Arlington and Alexandria reported gains in average math scores on the 2005 SAT, while average verbal scores dipped slightly, according to results released last week.

In Arlington, the average score on the verbal portion of the test decreased by two points, from 543 to 541, and the math average increased by two points, from 542 to 544, for an average combined score of 1085.

In Alexandria, the average verbal score was 482 and the average math score was 481, for an average combined score of 963, the lowest overall score among major Northern Virginia school systems.

Nationwide, the average verbal score was 508, unchanged from last year. The average math score rose from 518 to 520. Math scores reached a record high this year nationwide, as well as in Virginia, where the average math score increased five points.

This is the last year that student performance will be measured using the two-part version of the test, which has a maximum score of 1600. Beginning next year, the College Board will report the results of seniors who took a new version of the test, which has a maximum of 2400 and requires students to write an essay.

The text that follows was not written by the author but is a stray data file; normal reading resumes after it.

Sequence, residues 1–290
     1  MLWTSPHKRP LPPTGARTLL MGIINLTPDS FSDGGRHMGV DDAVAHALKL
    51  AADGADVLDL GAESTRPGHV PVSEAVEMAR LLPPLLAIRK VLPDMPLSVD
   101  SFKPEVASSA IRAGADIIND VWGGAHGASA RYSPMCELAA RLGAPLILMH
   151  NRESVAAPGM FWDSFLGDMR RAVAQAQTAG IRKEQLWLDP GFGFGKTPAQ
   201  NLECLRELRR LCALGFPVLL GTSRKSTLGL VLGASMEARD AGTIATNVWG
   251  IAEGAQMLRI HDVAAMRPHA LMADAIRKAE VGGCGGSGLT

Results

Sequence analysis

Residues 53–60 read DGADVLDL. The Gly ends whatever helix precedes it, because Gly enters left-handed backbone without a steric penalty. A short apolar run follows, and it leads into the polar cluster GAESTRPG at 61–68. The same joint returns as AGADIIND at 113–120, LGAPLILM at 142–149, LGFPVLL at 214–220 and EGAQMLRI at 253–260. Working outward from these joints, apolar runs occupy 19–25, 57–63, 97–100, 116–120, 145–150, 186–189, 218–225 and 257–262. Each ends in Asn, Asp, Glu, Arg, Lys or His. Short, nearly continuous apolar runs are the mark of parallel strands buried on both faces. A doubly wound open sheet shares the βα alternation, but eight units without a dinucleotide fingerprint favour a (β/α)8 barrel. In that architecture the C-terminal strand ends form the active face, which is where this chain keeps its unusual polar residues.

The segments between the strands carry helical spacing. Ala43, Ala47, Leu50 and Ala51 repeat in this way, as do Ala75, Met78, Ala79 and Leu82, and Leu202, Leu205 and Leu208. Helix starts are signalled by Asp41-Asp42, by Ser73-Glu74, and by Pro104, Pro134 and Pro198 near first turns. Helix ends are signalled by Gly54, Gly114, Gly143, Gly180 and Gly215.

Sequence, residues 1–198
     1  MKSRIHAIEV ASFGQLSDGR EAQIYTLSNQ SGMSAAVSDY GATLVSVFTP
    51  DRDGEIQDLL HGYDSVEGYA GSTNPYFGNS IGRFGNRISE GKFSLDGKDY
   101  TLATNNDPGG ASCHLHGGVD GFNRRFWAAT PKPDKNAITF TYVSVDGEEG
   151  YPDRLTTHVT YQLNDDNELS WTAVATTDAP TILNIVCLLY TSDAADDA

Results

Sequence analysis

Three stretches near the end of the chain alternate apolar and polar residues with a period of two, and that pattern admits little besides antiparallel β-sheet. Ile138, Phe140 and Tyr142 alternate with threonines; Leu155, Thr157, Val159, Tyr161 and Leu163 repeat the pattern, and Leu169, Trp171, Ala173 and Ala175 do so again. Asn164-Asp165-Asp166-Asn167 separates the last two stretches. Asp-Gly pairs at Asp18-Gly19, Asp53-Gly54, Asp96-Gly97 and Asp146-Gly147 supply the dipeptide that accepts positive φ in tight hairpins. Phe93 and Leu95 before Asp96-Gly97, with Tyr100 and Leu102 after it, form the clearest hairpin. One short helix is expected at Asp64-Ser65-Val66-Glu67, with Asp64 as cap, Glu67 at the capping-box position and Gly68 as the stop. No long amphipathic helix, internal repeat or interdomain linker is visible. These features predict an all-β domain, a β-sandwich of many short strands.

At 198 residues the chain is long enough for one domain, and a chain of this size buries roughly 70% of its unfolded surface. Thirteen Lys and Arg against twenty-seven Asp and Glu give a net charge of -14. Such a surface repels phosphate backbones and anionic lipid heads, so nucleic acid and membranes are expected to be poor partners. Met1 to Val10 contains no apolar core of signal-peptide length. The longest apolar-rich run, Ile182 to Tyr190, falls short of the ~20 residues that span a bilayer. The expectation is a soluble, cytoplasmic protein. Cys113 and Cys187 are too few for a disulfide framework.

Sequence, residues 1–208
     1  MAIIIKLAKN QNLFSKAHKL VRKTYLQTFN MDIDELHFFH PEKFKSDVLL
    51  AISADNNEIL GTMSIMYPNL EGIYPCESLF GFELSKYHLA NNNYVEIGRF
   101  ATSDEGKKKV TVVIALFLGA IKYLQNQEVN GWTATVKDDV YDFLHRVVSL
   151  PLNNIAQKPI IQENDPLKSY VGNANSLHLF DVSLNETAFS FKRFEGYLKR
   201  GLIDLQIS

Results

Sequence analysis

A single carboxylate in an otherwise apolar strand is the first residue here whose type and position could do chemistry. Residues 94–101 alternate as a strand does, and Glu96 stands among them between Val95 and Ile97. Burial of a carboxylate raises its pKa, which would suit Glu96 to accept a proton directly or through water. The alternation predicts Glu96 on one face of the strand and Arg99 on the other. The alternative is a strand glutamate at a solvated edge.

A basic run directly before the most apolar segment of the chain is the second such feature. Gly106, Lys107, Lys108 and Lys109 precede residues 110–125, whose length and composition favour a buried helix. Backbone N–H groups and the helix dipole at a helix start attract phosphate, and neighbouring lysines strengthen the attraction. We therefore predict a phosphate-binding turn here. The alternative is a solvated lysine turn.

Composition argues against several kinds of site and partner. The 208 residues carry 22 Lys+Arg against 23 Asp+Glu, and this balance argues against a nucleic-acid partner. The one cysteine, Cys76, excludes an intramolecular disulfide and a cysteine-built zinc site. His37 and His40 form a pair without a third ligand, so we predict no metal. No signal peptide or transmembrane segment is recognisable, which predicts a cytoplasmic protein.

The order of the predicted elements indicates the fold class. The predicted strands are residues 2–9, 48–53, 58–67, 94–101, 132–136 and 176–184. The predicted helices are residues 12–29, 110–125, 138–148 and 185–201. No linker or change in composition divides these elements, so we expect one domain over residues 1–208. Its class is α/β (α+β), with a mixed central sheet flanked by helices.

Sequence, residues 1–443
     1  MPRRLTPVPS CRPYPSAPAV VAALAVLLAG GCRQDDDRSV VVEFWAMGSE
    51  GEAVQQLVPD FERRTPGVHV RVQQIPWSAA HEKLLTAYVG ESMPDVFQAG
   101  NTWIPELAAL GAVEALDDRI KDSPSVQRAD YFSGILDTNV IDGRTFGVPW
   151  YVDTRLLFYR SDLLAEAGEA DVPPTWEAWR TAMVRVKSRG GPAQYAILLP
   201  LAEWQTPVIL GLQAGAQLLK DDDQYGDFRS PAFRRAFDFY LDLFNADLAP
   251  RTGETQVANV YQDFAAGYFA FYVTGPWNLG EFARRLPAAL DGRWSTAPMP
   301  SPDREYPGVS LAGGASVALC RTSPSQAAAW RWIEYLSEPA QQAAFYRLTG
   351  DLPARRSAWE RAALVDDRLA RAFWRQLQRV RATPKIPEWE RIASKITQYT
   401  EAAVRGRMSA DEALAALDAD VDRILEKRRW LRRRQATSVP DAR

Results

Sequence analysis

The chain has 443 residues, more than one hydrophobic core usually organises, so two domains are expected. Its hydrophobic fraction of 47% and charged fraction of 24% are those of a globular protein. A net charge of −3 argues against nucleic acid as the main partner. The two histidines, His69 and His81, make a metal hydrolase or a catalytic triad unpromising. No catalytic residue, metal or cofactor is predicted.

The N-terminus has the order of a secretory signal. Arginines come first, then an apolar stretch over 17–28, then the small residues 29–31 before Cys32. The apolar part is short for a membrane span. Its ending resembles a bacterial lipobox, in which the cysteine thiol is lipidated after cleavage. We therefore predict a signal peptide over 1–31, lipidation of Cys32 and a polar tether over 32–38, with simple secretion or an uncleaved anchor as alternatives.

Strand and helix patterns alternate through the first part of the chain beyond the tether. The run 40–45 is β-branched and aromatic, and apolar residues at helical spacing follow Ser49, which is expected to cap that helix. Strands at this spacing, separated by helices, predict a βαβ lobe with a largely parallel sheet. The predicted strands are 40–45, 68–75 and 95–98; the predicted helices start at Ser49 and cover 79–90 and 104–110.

In Arlington, scores have been increasing over the past decade, and the county's scores exceeded the national and state averages. Schools Superintendent Robert Smith said he was pleased to see the overall averages remain steady, even as participation in the test had increased by about four percentage points, to 73 percent.

However, Smith said he was troubled by figures showing a decrease in participation and average scores of black students.

According to school system data, participation by students identifying themselves as white increased by 37 percent, while participation by Hispanic students increased by 44 percent. At the same time, black student participation declined by 13 percent and Asian student participation declined by 4 percent.

"We will carefully examine these results to determine what our next best steps need to be," Smith said.

In Alexandria, overall scores have declined over the last decade. This year's average math score increased seven points, while the average verbal score decreased one point.

"It's good to see that trend in math going in an upward direction," said T.C. Williams Principal John Porter. Alexandria school officials are still awaiting data that breaks down T.C. Williams's results by categories such as ethnicity and sex.

Noting that T.C. Williams's scores were lower than the state and national averages, Porter said the school's demographics were a factor. "We test a larger percentage of students for whom English is not their first language, and we test a larger number of families who are deemed to be at a socioeconomic disadvantage," he said.